New mothers and fathers are not ready to become parents because of government health


Mothers and fathers-to-be are failing as the UK Government’s “outdated” public health plan leaves them unprepared for parenthood, a new report warns.

  • The UK Government’s “outdated” public health messages leave new parents in the dark about what to expect after giving birth
  • Some parents still smoke or drink alcohol in early pregnancy, the Children’s Alliance warns
  • Frontline medical staff are not delivering key public health messages about pregnancy, the authors say

Mothers and fathers-to-be are failing as the UK Government’s “outdated” public health plan leaves them unprepared for parenthood, a new report warns.

A review by the Children’s Alliance, with the University of Southampton, found that women and men are unaware of how badly personal health can affect their babies’ early development – with many being overweight and still smoking or drinking alcohol in early pregnancy.

The findings also show that public health messages about preparing for pregnancy and protecting babies before birth are often ignored by frontline professionals and not taught by the national school curriculum.

The report’s authors are now calling for preconception care in the UK – which supports women before they become pregnant and become parents – to be included at all stages of the Government’s health strategy.

Lead author Helen Clark of the Children’s Alliance said improving preconception care would leave a valuable legacy for any political party that includes it in their election manifestos.

She added: “Research has shown us that parents who practice good health before and during pregnancy give their children the best start in life and are more likely to grow up healthier. Poor health costs money and, as we saw recently from the Office for National Statistics, two and a half million people are out of work because of health problems.

“Throwing money on outdated public health policies is not going to work. Improving preconception care is a smart 21st century approach for the NHS to take – indeed a ‘revolution’ that will cut future waiting lists and won’t break the bank either.”

The new Preconception Care Strategy was co-created by the Children’s Alliance together with health professionals and academics at several UK universities, including Southampton, to improve life chances for children.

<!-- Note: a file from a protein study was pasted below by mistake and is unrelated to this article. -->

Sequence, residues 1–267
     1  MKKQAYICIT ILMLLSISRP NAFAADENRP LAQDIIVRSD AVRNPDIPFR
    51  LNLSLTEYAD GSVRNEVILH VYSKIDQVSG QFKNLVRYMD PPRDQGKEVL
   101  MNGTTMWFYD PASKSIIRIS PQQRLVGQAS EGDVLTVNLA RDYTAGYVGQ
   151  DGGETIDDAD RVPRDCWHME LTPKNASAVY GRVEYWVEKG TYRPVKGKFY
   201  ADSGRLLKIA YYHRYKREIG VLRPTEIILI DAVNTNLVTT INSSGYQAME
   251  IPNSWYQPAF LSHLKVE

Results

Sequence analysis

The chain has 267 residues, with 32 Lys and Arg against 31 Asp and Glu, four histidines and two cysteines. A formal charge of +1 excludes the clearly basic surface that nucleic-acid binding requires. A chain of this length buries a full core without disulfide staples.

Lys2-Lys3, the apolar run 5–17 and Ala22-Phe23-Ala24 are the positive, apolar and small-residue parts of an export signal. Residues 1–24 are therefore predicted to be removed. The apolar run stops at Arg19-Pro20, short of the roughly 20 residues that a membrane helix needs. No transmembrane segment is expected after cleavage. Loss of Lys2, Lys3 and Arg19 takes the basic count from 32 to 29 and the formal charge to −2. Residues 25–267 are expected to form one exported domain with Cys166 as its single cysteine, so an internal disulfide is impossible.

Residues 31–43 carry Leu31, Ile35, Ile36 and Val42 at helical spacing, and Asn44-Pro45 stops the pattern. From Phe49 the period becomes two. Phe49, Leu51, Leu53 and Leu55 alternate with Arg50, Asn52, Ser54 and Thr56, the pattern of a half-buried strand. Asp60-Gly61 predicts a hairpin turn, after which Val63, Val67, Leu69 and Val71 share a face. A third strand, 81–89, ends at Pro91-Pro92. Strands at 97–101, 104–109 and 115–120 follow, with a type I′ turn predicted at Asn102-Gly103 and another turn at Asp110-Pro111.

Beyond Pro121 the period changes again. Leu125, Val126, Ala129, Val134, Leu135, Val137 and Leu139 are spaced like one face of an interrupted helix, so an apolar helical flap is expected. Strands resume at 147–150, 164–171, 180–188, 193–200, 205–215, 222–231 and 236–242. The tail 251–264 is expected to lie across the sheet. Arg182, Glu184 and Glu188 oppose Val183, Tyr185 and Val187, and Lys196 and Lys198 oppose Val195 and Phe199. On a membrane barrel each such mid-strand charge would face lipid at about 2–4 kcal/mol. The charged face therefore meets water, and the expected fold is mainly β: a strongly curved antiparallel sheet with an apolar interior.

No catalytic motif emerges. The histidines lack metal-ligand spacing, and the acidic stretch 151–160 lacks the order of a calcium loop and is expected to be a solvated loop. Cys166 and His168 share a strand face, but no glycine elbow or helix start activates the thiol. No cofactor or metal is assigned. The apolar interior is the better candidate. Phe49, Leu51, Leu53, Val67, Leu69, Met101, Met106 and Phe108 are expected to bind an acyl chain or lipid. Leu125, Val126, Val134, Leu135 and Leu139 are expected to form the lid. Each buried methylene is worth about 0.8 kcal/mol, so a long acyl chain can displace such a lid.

The data highlighted in this study reveal mass inequality among rich and disadvantaged families – with 24 per cent of stillbirths being caused by socioeconomic deprivation.

As many as nine out of 10 women in the UK enter a period of pregnancy with at least one indicator that endangers the health of the child, while only 27 per cent of mothers take folic acid before becoming pregnant. Other results show:

  • Women from black ethnic backgrounds in the UK are one and a half times more likely to enter into pregnancy obese than white women,
  • People from low-income families are three times more likely to have smoked at the time of conception,
  • Women living in disadvantaged areas are almost twice as likely to have a pre-existing mental health condition.

University of Southampton Professor Keith Godfrey, from the National Institute for Health Research Southampton Biomedical Research Centre, was the main contributor to the report and said: “A child’s first 1,000 days are an integral part of their lifelong physical and mental health, development and resilience.

“Preparing for parenthood is critical to increasing opportunities for children and can help overcome differences in their health. However, preconception care remains undervalued in the UK and Government health policies have either failed to assist people of reproductive age or it is too late for women to enter maternity care.”

The report’s authors have published a five-point action plan for government and health officials to improve the health of expectant parents.


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